3 Lessons Writing About Death Has Taught Me About Life


I spent most of my childhood being terrified of death.

I can remember laying in bed when I was younger, feeling my heart swell in my chest every time the thought of death even crossed my mind. Most nights, I’d end up jumping out of bed and running to my parent’s bedroom because I simply couldn’t accept the fact that one day, I was going to die.

I think I feared death so much because I lost my father when I was three years old to a fatal car accident when he was just 25. My father’s death left a profound impression on me, and inspired me to think more about it, even when it made me uncomfortable. That’s why, when given the opportunity to explore the idea of death as a blogger, I saw it as a challenge that would change me forever.

It’s been three years since I took the job as a funeral service writer, and I’ve learned a lot about myself (and life) since then. Here are the three most important lessons I’ve learned so far:

1. Death provides a necessary balance to life.

It’s taken me a long time to get here, but I’ve come to realize that death is what makes life possible. Every beginning must have an end and every end brings a new beginning. I don’t want to challenge or push any religions or thought systems here, but my own death will bring a new beginning in some way. As Steve Jobs once said, it allows us to rid ourselves of the old and make room for the new.  This thought has helped me realize that the death of many things in my life have allowed me to make room for new beginnings. Without the death of the old, we wouldn’t be able to evolve and change from new things that make their way into our lives, would we?

2. Death is what fuels life.

Death is the most irreversible, permanent thing there is. But without it, there is no inspiration to experience life. If we were all immortal, our days wouldn’t be numbered. And without our biological clocks ticking, we wouldn’t see a need to pack as much as we do into our short time here. Because I’m the age my father was when he passed away, I feel an extreme need to get out and live this amazing life I’ve been given. Life is such a precious gift that can be torn away from you in a heartbeat, so why sit around and let it pass you by?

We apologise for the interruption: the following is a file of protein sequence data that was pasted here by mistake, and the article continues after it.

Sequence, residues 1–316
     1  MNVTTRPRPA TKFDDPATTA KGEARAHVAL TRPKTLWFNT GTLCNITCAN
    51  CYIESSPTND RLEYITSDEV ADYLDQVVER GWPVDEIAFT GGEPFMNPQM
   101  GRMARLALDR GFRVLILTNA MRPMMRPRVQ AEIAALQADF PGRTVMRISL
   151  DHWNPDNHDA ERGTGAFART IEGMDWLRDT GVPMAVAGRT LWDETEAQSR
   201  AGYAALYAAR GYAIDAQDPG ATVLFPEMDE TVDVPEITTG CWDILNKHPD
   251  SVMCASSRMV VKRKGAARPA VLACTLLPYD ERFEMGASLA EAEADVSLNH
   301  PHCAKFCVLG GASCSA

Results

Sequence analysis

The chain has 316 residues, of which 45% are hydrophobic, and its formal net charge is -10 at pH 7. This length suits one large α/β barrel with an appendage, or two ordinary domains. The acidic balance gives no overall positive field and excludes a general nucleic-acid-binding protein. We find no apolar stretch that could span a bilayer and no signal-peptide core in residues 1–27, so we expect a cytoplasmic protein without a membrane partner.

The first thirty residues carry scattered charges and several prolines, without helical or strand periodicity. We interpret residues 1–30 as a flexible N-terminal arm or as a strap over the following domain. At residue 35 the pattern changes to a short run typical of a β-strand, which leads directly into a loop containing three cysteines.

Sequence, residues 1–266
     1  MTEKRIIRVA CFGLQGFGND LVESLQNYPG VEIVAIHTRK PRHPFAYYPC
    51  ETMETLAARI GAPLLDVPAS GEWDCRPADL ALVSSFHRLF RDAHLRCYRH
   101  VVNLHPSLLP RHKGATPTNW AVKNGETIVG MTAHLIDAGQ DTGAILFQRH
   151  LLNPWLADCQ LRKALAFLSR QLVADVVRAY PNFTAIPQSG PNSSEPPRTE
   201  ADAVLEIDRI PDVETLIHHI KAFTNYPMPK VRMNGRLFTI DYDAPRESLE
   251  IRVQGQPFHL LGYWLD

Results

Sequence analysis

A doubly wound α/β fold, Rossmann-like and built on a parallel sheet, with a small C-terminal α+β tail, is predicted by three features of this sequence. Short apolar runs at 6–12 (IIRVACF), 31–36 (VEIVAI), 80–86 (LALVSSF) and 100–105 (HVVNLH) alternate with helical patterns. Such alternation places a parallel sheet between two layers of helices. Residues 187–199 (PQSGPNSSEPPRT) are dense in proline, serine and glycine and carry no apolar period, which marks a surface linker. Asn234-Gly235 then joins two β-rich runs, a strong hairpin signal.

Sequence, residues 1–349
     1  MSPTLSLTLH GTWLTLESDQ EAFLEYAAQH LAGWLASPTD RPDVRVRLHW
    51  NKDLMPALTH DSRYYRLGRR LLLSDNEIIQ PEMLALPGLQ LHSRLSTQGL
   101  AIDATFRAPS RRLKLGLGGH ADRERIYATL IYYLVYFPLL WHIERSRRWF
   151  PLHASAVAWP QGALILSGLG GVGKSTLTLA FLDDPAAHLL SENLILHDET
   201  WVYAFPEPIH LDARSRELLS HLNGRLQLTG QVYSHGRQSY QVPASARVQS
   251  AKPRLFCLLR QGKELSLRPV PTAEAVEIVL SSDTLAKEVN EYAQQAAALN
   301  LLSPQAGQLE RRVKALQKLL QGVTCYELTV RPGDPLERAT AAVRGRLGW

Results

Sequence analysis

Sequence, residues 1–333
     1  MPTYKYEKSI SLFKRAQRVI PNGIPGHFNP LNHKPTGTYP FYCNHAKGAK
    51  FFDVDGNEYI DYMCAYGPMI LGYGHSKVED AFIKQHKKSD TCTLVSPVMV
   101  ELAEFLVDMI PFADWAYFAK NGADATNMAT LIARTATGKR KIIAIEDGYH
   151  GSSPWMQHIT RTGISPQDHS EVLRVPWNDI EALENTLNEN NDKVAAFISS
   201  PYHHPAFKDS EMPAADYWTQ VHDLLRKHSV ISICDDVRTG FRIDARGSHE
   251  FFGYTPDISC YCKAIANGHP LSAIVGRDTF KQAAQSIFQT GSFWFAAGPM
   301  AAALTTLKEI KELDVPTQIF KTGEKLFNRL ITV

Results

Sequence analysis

3. Death inspires you to be here, in the moment.

Somewhere on the journey of exploring the idea of death, I came across the book Be Here Now by Ram Dass. To this day, it’s one of the most insightful books I’ve ever read. The title itself taught me a very valuable lesson: be here now. It sounds simple, but are you really present in all the moments of your life, or are you distracted by your past and future? Do you spend more time trying to be happy than actually being happy? It wasn’t until I read this quote for the first time three years ago that I realized I was guilty of distracting myself from the present moment:

“Early in the journey you wonder how long the journey will take and whether you will make it in this lifetime. Later you will see that where you are going is HERE and you will arrive NOW…so you stop asking.”

This quote has allowed me to bring more intention and integrity into everything I do. It has taught me that if now is the only moment we have for sure, why not embrace it?  

Final thoughts

Over the last three years, I’ve learned that death isn’t just something I should accept, but an essential part of life. It’s the ending to the beautiful, whirlwind story of my life that I must write on my own. And since my life story is my message to the world, I’m going to make sure it’s a damn good one.

What has your career in death taught you about life over the years? Tell me in the comments below!

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  1. Robert Carway

    So true. Without death there would be no reason to “carpe diem.” Thank you.